Jake Allemand and Kyle Hebert each held a cold beer in their hands Saturday as they listened to the sounds of the Chase Tyler Band performing on the Bud Light Stage just outside Tiger Stadium.
Armed with an ice chest full of even more beer to keep themselves cool on a hot, sunny day, the Raceland pair didn’t have a worry in the world as the music just kept playing.
“It’s the life,” Allemand said.
Life was good for Allemand, Hebert and thousands of other country music lovers who turned out for pre-show festivities on the first day of Bayou Country Superfest, most of which included the Fan Fest in Tiger Stadium’s west parking lot.
Allemand and Hebert, who donned cowboy boots, hats and sleeveless T-shirts, said this year’s Superfest was their second to attend.
While they were in Baton Rouge to watch big-name acts such as Darius Rucker and Luke Bryan, Allemand said, he was appreciative of the free Fan Fest full of live music and good food.
“It’s good to have something to do during the day,” Allemand said.
Hebert said he and Allemand wait all year for Bayou Country Superfest to arrive.
They’ll be able to wait again for next year, as Superfest officials announced Friday that the gigantic hootenanny would return to Tiger Stadium in 2014.
“As long as Bayou Country Superfest is playing, we’re coming,” Hebert said.
At the Fan Fest, hundreds of people dressed in their best cowboy and cowgirl attire wandered around, taking in the sun and mingling with a few Superfest performers at a meet-and-greet tent.
Music from the Chase Tyler Band, Mark Adam Miller and Yvette Landry serenaded the small crowd as fans waited for the main event to begin in Tiger Stadium.
Many of the concert-goers spent the day trying to beat the heat, waving paper fans in their faces and staying under what few trees and little shade were available.
Lauren Johnson, of Hackberry, and Joe Mesuch, of Sulphur, did just that by standing next to one of many water-misting fans set up in the lot near the stage.
The two said they arrived around 11:30 a.m. — or more than five hours before the main event started — just so they could have some tailgating-type fun akin to a fall Saturday afternoon before a football game in Death Valley.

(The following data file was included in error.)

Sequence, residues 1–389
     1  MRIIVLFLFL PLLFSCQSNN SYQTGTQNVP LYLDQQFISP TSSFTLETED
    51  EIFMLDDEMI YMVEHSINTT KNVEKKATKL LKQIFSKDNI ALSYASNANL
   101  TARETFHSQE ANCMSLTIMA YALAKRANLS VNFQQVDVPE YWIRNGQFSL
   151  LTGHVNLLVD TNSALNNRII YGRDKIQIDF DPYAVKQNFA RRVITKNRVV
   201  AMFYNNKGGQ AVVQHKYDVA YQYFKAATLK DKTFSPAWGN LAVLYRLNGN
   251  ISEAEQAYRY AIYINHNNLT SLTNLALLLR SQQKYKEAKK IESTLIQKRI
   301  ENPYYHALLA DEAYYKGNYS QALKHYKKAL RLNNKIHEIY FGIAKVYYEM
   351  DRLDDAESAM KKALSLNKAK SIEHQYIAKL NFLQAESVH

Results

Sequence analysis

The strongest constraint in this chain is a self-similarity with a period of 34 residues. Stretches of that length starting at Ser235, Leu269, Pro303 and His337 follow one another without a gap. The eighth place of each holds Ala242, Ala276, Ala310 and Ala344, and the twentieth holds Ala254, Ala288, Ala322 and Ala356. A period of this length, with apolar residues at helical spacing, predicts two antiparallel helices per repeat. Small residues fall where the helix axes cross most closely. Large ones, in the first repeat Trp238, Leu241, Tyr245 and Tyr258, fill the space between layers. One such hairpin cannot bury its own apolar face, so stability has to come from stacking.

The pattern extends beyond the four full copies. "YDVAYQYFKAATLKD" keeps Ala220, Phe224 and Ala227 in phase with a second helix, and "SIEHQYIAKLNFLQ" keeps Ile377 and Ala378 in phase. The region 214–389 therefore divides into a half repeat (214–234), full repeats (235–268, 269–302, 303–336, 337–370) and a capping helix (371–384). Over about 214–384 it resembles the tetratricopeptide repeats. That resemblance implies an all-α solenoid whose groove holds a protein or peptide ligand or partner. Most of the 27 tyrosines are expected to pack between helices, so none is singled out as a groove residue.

Mesuch said they wanted to wander around to any spot where they could place their bag carrying all their festival gear.
“Pretty much where that bag goes, I go,” Mesuch said, pointing at the cooler.
Johnson said she enjoys Fan Fest because it’s an extra treat before seeing some of country music’s biggest stars cross the Tiger Stadium stage.
“You get to listen to music, have fun and get pumped for tonight,” Johnson said.
Some fans, like Happie Karty, didn’t need the misting fans to stay cool.
Karty, of Walker, and her family and friends sat right by the Fan Fest stage with several folding chairs, two umbrellas and an ice chest loaded with food and drinks.
Karty, who has ventured to Bayou Country Superfest each of its four years to date, said that at the first Fan Fest, she had to sit all the way by the fence at Tiger Stadium in the blistering sun because she and her friends didn’t have any chairs.
“The second year, we learned how to do it,” Karty said.
Karty said she enjoys the Fan Fest because of the free entertainment value it provides.
“They have some really good people out here every year,” Karty said.
While some tried to avoid the heat, others embraced it as they danced and sang along with the performers on stage.
Bob Dale, of Destrehan, along with his wife, daughter and daughter’s boyfriend, busted a few quiet dance moves as the Chase Tyler Band entertained the mostly pro-LSU crowd with Garth Brooks’ “Callin’ Baton Rouge.”
“It gives us something to do before,” Dale said of the Fan Fest experience.
Dale, also carrying a beer and wearing a “Quack Pack” shirt in honor of the A&E TV show “Duck Dynasty,” said he was happy Superfest didn’t start until 5 p.m. so he and his family could enjoy Fan Fest.
“It’s a great time,” Dale said. “It’s a good family atmosphere.”